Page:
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Maid: Hard Work, Low Pay, and a Mother's…

Maid: Hard Work, Low Pay, and a Mother's Will to Survive (original 2019; edition 2019)

by Stephanie Land (Author), Barbara Ehrenreich (Foreword)

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2361373,317 (3.74)6
Title:Maid: Hard Work, Low Pay, and a Mother's Will to Survive
Authors:Stephanie Land (Author)
Other authors:Barbara Ehrenreich (Foreword)
Info:Hachette Books (2019), 288 pages
Collections:Your library

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Maid: Hard Work, Low Pay, and a Mother's Will to Survive by Stephanie Land (2019)


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Showing 1-5 of 13 (next | show all)
Stephanie Land's memoir Maid has been on dozens of book lists, so you may have heard of or read it already. All the hype? Absolutely deserved - it was a powerful, eye opening read.

But, if you haven't heard of it, the publisher's blurb is a pretty concise descriptor:

"Evicted meets Nickel and Dimed in Stephanie Land’s memoir about working as a maid, a beautiful and gritty exploration of poverty in America."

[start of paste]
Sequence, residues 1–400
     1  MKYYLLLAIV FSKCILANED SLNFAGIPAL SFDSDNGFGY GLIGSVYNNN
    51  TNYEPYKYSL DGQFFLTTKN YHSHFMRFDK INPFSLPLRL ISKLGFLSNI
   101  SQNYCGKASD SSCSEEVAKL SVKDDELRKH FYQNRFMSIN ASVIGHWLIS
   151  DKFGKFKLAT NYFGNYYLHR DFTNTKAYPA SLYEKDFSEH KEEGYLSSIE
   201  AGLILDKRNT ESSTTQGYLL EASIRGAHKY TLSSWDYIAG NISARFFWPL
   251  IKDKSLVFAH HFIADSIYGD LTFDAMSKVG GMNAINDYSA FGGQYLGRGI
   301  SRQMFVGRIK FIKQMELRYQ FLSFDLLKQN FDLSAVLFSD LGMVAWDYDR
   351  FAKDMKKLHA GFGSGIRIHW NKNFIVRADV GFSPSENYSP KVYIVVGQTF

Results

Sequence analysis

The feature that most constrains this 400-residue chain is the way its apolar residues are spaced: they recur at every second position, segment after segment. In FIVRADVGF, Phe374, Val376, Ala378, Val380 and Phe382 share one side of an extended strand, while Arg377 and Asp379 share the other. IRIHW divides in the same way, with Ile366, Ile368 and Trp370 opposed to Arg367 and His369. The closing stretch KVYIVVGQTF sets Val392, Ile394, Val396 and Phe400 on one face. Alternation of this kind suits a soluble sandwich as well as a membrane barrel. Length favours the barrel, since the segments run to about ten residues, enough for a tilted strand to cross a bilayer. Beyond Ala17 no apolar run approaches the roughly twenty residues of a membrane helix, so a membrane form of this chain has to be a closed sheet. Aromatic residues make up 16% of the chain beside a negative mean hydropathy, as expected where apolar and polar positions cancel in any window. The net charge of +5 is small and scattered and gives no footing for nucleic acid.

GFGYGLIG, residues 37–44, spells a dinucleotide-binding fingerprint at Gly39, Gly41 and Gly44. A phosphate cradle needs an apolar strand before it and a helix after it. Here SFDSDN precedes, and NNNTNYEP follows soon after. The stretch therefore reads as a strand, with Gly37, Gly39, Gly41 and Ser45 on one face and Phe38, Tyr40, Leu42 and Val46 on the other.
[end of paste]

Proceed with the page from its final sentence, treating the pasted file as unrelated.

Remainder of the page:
Having read both of those books, I knew this was one I wanted to read. Star studded tell-alls are of no interest to me. Instead I find myself invariably drawn to memoirs of everyday people. The struggles and the triumphs- real life.

Land finds herself pregnant just as she is about to apply to university to follow her dream of becoming a writer. That dream is sidetracked and Land ends up working as a maid to support her daughter.

Her struggles - financially, medically, mentally and physically - are captured in brutally honest prose. The reader is alongside as she navigates 'the system', her relationships and the anonymity of cleaning houses. But, just as affecting is the love she has for her daughter and her desire to follow her dream of becoming a writer.